No ambiguity in this statement from President Bush’s news conference yesterday:
I believe Congress ought to make the research and development tax credit a permanent part of the tax code, to encourage investment.
NAM President and CEO John Engler highlighted those comments in the news release yesterday that applauded the president’s signing of the America COMPETES Act.
Our greatest strength in global competition is our commitment to innovation, and the R&D tax credit is a critical component of that commitment. This battle should not have to be re-fought each and every year. Let’s make it a permanent fixture of our tax system.
The politics of the R&D tax credit are always difficult. The credit is often used as a legislative “sweetener,” a favored provision that can be added to an otherwise mixed bill to make it more palatable. The inveterate tax-raisers also enjoy having a regular measure they can support, giving them at least one pro-business, pro-investment, tax-cutting credit to their name.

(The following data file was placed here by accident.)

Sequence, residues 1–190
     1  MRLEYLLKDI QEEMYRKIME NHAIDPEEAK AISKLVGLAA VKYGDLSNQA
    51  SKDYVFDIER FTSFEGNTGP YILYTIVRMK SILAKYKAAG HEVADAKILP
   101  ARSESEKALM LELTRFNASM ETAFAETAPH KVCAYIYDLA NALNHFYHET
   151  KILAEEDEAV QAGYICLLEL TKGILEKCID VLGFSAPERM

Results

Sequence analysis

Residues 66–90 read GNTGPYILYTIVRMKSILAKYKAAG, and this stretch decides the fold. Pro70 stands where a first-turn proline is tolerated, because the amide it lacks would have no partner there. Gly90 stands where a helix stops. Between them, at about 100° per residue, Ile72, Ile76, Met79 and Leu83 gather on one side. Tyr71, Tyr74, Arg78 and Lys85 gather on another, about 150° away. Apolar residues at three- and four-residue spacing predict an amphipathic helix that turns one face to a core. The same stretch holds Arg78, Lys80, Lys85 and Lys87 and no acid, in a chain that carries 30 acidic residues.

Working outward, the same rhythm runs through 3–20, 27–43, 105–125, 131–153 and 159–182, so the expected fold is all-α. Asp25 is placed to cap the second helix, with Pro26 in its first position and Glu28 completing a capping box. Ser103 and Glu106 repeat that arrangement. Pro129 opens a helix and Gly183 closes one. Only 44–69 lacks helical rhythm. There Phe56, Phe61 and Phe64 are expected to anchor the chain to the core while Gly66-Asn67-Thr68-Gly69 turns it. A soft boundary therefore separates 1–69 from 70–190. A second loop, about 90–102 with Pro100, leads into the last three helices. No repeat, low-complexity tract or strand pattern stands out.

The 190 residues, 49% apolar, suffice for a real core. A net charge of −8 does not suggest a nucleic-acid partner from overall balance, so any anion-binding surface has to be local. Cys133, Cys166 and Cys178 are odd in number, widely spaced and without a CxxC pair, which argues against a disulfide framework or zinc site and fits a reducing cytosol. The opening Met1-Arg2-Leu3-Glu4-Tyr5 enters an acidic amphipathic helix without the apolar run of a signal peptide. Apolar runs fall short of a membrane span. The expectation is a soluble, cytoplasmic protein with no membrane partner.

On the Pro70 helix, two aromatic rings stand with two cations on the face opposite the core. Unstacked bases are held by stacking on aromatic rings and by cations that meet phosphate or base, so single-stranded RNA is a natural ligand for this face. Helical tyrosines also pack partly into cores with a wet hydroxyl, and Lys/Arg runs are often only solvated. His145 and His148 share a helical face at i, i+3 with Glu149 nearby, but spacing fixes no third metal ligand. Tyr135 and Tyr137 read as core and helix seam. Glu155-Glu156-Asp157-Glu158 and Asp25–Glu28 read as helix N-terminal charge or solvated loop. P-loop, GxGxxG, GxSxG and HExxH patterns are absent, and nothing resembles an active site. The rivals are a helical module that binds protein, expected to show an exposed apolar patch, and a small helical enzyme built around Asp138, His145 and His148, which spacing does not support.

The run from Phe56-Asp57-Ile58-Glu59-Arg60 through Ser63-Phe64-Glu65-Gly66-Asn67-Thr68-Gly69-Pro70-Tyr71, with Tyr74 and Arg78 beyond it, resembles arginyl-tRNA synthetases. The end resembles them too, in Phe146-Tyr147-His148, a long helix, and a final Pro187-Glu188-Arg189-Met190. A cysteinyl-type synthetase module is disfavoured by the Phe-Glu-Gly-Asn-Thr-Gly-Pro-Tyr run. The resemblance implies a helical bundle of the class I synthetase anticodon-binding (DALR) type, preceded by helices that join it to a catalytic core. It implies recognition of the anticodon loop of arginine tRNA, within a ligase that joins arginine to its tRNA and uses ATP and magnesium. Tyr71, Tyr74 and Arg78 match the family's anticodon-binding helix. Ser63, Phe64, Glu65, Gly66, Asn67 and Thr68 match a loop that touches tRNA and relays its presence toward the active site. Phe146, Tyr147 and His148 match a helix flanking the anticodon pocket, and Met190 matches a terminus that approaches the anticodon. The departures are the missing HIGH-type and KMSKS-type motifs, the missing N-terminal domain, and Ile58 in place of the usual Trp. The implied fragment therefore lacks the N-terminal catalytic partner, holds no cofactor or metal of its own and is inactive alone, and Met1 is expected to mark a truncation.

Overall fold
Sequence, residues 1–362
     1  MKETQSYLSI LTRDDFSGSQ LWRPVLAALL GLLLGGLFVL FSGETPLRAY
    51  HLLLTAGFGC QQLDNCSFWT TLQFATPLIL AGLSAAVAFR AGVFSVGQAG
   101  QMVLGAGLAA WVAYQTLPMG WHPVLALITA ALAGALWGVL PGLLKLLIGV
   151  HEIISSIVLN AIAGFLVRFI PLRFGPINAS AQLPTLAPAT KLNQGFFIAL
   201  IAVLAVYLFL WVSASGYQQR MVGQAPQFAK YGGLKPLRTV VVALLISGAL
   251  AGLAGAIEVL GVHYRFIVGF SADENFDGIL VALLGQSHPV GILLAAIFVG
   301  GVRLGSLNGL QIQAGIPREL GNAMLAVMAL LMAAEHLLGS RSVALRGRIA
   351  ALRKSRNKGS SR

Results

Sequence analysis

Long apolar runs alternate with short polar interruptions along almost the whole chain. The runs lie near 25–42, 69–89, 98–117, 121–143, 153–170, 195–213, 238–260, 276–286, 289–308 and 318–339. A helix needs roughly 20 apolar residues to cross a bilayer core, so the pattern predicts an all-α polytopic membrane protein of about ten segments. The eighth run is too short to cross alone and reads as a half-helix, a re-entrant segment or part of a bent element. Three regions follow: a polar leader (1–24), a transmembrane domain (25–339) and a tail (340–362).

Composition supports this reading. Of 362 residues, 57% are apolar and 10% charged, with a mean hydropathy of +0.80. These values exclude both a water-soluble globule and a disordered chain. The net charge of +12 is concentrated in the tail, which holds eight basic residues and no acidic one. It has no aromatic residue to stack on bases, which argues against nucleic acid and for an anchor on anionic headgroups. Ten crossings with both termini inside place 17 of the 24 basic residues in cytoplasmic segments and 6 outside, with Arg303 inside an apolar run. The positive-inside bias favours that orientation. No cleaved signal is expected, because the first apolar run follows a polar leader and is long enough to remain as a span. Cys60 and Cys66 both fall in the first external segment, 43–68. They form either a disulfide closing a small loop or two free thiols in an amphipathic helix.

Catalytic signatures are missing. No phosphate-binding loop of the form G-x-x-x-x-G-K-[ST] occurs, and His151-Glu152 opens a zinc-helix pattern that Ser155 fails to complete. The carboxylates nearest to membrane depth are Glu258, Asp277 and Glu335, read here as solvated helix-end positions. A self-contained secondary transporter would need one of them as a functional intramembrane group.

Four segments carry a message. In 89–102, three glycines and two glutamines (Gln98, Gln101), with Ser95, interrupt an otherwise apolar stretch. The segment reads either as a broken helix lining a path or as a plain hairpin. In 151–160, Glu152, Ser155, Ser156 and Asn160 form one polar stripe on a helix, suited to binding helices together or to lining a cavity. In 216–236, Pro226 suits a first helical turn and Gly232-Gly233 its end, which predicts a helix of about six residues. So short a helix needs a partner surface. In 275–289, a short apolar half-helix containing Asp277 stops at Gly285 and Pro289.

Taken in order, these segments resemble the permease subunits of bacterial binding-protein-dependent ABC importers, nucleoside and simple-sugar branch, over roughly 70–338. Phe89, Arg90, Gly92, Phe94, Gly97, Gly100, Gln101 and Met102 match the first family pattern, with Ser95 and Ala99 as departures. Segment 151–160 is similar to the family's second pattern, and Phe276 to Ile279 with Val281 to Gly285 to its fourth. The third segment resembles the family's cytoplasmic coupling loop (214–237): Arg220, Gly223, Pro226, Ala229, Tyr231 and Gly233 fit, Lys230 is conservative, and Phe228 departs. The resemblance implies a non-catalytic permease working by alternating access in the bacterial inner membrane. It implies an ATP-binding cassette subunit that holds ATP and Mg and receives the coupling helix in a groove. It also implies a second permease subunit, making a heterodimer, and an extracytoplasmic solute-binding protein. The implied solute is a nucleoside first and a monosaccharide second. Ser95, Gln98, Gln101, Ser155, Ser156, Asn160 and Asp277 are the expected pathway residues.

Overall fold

But the maneuvering and inevitable delays that go along with this kind of politics do real harm to U.S. R&D competitiveness. The uncertainty discourages companies from investing in U.S.-based R&D, and it’s entirely possible that politics could, eventually, prevent the temporary credit from being renewed. The result would seriously damage the innovation climate in the United States.
Best to sacrifice the positioning in favor of serious-minded, consistent tax policy. Make the R&D tax credit permanent…and better.
The NAM’s legislative agenda on tax policy has a good discussion of the R&D tax credit. You can read it here.
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